This is why jQuery was so revolutionary. This is why Jonathan Neal wrote a song about jQuery.

Today, the web development of yesteryear is barely recognizable. Today's browsers are powerful beasts that adhere to standards. CSS and JavaScript work together to create amazingly rich, interactive experiences that can delight and astound users. Today's web development is joyful and unbounded.

HTML-based emails, on the other hand, are nothing like modern web development. They still resemble the madness of the early web; only, we don't get to use jQuery; and, we have to code for dozens of clients that are all terrible in their own unique ways.

HTML-based emails require us to fallback to our <table>-based layouts and the inline styles of the early web. Only, on top of that, we have to progressively enhance our emails to target some clients that support modern web constructs. So, essentially, we have to build our emails using 20-year-old technology; but, do it in such a way that we can create better experiences for the email clients that behave more like modern browsers.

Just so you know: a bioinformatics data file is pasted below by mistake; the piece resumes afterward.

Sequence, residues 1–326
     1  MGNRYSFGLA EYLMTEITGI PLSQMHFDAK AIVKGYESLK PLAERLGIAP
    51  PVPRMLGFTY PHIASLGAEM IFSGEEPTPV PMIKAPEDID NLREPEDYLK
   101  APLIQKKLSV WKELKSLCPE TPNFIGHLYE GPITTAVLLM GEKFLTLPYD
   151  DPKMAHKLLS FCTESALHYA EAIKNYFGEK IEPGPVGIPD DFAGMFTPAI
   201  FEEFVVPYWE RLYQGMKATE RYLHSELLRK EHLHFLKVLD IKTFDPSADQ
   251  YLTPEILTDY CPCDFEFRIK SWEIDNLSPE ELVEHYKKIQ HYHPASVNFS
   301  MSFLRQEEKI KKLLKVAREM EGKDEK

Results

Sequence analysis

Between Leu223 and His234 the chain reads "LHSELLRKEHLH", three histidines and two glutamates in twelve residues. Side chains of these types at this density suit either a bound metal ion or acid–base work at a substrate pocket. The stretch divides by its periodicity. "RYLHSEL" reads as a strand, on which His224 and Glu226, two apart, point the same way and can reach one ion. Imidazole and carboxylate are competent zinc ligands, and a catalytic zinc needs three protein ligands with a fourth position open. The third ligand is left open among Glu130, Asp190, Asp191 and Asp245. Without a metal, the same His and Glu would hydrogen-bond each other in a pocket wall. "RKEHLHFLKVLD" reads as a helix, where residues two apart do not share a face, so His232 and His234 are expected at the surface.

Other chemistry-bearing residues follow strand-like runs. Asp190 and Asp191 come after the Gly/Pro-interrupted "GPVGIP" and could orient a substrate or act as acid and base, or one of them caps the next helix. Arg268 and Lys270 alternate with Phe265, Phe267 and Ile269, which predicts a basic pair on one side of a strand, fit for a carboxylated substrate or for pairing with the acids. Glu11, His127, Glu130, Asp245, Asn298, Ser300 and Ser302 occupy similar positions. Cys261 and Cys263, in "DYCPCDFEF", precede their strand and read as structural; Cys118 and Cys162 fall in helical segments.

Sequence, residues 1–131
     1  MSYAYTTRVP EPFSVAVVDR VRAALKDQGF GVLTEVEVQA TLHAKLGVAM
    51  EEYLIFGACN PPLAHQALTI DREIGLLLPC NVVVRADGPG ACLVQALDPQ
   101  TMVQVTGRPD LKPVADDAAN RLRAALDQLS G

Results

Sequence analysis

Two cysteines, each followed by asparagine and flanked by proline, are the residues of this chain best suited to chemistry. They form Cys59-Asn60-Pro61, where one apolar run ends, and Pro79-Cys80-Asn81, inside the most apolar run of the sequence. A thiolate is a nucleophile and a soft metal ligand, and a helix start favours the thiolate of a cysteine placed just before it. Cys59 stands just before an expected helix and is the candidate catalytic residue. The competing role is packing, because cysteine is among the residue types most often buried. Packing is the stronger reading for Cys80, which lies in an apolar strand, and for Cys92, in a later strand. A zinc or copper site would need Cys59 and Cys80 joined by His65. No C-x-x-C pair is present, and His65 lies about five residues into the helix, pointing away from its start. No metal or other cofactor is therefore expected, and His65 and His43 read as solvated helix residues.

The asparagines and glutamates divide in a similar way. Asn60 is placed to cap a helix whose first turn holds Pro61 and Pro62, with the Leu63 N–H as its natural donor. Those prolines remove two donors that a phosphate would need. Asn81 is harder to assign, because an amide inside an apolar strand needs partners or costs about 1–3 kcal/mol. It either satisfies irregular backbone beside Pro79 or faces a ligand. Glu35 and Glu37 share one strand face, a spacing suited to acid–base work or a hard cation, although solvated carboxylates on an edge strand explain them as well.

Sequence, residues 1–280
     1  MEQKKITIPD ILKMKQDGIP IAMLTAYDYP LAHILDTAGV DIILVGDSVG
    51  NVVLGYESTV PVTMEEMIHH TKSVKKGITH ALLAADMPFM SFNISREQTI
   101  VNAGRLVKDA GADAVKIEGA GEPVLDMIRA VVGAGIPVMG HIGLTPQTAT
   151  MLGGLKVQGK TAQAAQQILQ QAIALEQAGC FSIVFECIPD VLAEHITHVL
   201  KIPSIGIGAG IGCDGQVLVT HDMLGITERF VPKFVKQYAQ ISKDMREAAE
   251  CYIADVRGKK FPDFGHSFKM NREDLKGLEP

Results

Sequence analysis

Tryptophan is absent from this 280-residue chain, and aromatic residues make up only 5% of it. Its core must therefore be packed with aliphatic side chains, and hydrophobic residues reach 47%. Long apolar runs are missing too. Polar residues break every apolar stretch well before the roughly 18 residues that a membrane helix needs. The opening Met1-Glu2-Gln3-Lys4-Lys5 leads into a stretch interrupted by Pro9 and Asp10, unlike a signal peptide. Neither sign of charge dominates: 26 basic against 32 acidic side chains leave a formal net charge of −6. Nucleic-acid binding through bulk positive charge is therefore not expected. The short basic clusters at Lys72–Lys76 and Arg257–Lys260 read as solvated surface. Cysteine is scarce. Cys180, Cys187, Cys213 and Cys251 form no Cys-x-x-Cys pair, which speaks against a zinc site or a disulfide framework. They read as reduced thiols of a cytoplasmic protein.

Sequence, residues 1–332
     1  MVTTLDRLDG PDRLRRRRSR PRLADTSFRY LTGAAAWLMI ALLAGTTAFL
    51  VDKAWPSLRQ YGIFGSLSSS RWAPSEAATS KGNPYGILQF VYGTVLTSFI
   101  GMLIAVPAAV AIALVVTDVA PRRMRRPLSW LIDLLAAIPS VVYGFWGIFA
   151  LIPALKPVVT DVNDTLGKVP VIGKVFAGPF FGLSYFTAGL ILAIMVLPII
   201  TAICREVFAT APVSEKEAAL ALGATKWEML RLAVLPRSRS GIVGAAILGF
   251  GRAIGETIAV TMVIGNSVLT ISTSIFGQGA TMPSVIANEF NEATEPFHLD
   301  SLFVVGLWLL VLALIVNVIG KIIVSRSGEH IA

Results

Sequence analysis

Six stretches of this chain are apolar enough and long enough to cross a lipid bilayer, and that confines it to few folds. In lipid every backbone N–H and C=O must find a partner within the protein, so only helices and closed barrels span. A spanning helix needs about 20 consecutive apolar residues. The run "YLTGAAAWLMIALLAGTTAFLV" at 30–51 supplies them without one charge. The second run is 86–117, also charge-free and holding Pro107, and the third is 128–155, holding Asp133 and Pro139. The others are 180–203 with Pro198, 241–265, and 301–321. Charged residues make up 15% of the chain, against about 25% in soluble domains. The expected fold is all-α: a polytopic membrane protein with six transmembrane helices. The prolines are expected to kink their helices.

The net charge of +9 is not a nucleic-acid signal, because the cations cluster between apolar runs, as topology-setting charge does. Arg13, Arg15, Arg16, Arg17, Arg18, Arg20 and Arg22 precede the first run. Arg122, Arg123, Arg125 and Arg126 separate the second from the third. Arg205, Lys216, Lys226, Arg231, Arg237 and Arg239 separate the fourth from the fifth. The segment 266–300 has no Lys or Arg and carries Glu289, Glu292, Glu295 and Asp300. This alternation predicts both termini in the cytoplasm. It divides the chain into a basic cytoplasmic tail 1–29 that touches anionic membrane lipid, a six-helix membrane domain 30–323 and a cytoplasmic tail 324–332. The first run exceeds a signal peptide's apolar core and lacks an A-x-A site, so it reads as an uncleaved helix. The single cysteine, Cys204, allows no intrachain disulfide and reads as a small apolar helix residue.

It is very challenging! Thank goodness we have services like Litmus that allow us to get screenshots of what our HTML-based emails look like in dozens of email clients across different devices and different operating systems. Without Litmus, I honestly don't know how I would go about building emails.

Because of all of this complexity, I want to try and create a DSL - a Domain Specific Language - for rendering HTML-based emails in ColdFusion Markup using ColdFusion Custom Tags. A DSL is just an abstraction layer that allows us to describe complex concepts using simple language. Essentially, I want a way to "describe" what an HTML-based email should look like without having to worry about the low-level details.